Posted by: Annmarie Rung | February 03, 2010 at 01:38 PM
I wish she had just come out and said the V-word.
Posted by: julie | February 03, 2010 at 12:59 PM
Ms. Grandin, you are truly an inspirational hero! Thank you for being exactly who you are! You're a beautiful person & a wonderful writer.
Posted by: Angela | February 03, 2010 at 12:12 PM
I took my son to a psychiatrist a month ago and he does not take insurance, so I paid out of pocket 350 dollars. we were suppose to go back last Friday and watch films of Ms. Grandin. The psyc said he doubted if she had autism?!!! So, why are we suppose to go back in early (a couple of hours before our next appointment) and watch her films if that is what he thinks??
We did not go last Friday, because it is an hour away and it snowed. we do not travel for minor things on mountain roads in the winter.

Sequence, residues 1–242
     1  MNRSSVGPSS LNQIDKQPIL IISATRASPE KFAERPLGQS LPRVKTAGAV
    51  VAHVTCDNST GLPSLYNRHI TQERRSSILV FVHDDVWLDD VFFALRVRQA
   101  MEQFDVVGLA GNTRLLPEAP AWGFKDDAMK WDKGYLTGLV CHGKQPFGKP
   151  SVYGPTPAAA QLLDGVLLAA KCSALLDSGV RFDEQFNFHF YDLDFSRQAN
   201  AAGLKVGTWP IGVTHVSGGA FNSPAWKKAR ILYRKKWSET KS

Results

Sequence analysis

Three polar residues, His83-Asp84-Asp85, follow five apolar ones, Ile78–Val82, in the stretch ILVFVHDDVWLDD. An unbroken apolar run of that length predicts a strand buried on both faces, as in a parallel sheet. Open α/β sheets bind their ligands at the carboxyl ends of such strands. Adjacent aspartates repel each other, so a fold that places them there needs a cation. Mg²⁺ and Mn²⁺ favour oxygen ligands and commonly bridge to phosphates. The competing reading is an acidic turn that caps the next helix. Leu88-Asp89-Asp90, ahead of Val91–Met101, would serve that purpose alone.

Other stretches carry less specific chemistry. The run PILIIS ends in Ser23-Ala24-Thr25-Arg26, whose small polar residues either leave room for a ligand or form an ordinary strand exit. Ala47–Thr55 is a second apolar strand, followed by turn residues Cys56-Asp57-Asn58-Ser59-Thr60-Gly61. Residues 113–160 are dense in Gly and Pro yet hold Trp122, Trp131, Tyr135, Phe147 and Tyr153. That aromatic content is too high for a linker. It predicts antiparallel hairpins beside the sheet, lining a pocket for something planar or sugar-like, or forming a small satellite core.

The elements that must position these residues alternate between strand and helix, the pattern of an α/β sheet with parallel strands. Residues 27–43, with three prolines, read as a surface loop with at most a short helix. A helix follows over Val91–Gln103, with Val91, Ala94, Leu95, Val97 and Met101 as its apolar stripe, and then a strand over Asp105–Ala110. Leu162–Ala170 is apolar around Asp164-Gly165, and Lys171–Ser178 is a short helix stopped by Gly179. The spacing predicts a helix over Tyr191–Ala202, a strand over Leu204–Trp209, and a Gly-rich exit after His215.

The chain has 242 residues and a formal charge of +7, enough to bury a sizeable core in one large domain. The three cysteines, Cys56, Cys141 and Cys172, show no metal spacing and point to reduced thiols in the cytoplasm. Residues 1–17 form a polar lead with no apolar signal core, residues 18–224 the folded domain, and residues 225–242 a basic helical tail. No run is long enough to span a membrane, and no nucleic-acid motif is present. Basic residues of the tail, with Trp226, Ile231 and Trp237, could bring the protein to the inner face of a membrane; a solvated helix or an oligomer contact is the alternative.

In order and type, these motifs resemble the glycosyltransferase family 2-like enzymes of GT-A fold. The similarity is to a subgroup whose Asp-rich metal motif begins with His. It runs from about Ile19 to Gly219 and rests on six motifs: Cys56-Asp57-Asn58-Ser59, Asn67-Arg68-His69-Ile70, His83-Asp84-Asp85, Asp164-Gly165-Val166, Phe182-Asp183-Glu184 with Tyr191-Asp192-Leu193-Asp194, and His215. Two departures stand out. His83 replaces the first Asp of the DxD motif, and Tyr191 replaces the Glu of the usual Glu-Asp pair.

We have an appointment this coming Friday - another 150 dollars.
I am thinking about cancelling the appointment. Yeah, I think I will.
This is the type of attitude we are all up againest.
It is going to take a life time to change it. It will be my entire life time, my children's entire life time, Dr. Wakefield's entire life time. Meanwhile there is a lot of blood sucking parasites that are also going to have an entire life time to go unpunished, reaping the benifits, and getting away with lies in court system settings.
Posted by: Benedetta | February 03, 2010 at 11:56 AM
Jake, the way I take that comment is that, sure, we can point to adults being diagnosed today who weren't diagnosed in the past, but those are people with milder, higher functioning conditions than so many kids today, and do not account for the increase. In other words "better diagnosis" mostly applies to people who missed diagnosis because they could speak in complete sentences etc. But of course even with Aspies there does appear to be a real increase in addition to the increased awareness/diagnosis.